1944 CHP vehicle inspection stop
Sept. 9, 1944: California Highway Patrol officers check cars funneled into a “stationary” traffic block on Western Avenue south of Sunset Boulevard.
The Southern California wide law enforcement crackdown was explained in the Sept. 11, 1944, Los Angeles Times:
In an effort to halt the toll of death and injury in auto accidents, united law enforcement agencies gave citations to 4,545 motorists for motor vehicle law violations in a swift five-hour campaign through 11 Southern California counties which ended early yesterday.
Traffic and safety officials said it was the most extensive traffic check ever attempted in the United States.
In Los Angeles city itself, 1,847 citations were handed out. More than 15,000 vehicles and occupants were inspected.
Almost every type of law enforcement agency took part in the drive. More than 600 officers, including California Highway Patrol, civil police, military police, sheriff’s deputies, police auxiliaries and Navy’s shore patrol operated under the chairmanship of a traffic checks committee headed by Ralph W. Robinson, manager, Greater Los Angeles Safety Council.
Spreading their “safety nets” and road blockades at 9 p.m. Saturday, officers began halting autos at stationary inspection points on strategic streets, while at the same time roving squadrons of civil police blanketed prearranged areas. The drive enveloped both military and navel personnel as well as civilians.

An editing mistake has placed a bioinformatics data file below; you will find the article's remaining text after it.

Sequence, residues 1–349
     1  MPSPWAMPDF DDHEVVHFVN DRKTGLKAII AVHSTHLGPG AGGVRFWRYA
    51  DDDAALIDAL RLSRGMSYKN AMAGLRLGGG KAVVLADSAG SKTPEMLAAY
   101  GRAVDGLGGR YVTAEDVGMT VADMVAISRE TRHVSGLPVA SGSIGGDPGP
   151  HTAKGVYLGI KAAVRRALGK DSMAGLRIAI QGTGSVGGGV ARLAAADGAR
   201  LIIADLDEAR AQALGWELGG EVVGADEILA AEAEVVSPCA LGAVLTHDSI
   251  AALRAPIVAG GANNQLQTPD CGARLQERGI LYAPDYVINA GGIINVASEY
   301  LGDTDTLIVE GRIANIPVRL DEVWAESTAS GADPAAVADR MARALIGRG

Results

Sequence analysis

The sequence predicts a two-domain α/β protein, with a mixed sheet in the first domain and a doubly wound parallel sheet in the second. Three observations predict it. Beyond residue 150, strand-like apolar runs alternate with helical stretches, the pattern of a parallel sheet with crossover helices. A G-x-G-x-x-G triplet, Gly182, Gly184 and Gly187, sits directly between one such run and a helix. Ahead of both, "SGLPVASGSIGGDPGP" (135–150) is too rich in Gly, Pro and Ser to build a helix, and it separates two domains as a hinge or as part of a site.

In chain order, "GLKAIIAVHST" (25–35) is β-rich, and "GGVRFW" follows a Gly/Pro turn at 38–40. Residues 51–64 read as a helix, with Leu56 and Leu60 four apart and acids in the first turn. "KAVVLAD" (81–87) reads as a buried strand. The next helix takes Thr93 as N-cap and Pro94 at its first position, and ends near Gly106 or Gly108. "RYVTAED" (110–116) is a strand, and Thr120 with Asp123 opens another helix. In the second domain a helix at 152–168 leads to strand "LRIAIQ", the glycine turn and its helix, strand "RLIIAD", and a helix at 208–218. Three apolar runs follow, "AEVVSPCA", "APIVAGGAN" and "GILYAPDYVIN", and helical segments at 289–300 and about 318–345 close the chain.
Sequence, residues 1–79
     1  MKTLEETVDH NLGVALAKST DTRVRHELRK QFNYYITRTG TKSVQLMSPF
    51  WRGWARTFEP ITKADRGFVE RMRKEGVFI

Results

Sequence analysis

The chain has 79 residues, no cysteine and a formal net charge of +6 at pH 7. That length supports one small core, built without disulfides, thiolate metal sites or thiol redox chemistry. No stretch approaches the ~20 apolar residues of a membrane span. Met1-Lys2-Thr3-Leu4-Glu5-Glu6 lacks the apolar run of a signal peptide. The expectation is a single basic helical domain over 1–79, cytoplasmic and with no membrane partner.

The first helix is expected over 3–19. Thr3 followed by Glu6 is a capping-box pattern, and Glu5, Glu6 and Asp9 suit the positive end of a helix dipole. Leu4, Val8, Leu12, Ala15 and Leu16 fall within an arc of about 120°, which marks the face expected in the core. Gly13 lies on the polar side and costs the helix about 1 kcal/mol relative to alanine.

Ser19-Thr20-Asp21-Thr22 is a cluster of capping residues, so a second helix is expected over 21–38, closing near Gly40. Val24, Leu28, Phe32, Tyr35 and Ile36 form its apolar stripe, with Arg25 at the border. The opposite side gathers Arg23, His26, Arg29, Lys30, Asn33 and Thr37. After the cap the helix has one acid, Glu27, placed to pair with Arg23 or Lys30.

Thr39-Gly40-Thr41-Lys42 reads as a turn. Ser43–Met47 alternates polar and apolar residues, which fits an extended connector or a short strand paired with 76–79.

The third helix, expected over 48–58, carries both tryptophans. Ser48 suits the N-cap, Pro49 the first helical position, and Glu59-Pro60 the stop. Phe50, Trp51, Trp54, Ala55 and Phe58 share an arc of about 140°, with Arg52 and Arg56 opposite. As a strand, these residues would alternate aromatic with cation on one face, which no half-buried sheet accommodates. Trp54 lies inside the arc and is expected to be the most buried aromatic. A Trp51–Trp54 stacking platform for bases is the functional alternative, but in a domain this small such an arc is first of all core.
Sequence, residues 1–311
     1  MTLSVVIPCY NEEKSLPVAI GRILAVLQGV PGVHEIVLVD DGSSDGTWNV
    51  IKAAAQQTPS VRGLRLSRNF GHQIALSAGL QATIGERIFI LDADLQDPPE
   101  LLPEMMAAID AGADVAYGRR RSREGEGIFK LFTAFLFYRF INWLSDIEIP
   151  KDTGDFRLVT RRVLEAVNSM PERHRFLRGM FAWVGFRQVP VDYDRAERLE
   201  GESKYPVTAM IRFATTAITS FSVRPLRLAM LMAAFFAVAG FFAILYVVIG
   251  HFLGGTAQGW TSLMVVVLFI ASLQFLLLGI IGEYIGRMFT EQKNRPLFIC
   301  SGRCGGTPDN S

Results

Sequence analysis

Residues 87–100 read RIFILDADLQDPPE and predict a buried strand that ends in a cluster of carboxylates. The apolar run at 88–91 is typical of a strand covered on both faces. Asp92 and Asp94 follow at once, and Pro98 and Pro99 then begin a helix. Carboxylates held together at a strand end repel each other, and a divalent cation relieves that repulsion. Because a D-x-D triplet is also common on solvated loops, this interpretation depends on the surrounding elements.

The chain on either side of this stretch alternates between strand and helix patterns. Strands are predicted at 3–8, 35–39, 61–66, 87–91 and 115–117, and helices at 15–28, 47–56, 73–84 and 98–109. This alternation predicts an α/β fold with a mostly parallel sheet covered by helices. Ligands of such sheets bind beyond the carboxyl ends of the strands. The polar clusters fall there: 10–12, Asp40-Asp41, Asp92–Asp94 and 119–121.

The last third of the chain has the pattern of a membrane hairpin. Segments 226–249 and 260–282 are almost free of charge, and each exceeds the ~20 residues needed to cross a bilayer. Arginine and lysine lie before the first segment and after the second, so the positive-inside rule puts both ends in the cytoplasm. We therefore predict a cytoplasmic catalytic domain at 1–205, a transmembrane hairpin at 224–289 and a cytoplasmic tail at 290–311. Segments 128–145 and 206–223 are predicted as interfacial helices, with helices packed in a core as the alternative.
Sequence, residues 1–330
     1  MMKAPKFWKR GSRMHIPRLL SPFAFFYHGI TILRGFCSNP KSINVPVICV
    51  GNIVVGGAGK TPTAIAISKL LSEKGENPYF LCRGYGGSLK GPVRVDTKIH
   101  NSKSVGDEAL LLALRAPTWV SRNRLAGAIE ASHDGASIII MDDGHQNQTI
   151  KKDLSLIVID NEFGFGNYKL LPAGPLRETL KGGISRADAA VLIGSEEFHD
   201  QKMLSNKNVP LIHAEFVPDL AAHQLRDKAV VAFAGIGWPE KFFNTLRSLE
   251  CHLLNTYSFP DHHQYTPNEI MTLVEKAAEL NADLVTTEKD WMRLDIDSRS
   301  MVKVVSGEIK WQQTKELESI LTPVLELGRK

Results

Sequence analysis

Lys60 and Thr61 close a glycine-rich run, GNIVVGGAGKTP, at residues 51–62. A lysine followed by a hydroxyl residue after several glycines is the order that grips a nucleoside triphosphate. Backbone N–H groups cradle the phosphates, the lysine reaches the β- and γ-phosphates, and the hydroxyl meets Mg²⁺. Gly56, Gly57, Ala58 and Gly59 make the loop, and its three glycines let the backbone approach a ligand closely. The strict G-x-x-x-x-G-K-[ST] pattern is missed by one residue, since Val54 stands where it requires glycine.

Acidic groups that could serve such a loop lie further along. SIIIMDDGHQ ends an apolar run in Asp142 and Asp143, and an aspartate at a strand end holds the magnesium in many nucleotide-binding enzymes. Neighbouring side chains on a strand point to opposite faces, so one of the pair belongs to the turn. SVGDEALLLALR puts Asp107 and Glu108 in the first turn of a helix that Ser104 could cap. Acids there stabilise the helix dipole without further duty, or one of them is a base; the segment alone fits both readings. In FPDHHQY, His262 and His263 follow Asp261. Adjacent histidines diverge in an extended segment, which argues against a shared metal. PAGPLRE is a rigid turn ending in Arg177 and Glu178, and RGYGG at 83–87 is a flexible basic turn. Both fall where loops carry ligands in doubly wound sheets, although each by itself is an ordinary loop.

Officers, funneling traffic into single lanes at the stationary points, checked autos and motorists for everything from proper windshields wipers to the smell of liquor on the breath. If inspectors found automotive faults they waved the cars to the side of the road until imperfections in such things as lighting, brakes, horns and tail-light reflectors could properly be ticketed.
Netted in the traffic drive were:
757 motorists operating cars without driver’s licenses.
1,300 cited for driving with improper lighting.
25 booked as drunk drivers.
15 arrested as “plain drunks” riding with sober drivers.
300 drivers had no proper evidence of car registration.
Among servicemen cited were an Army lieutenant and a sergeant arrested in Pasadena as being AWOL from their posts. Another Army officer was arrested on a charge of drunk driving. Many were snagged for failing to have proper liberty and leave passes…
This photo by former staff photographer Al Humphreys was published in the Sept. 11, 1944 Los Angeles Times.
I also found this similar 1940 image below in the Los Angeles Times archive.
June 9, 1940: Police check motorists during early morning traffic check point at unknown location. This photo was published in the June 10, 1940, Los Angeles Times. Credit: Los Angeles Times.
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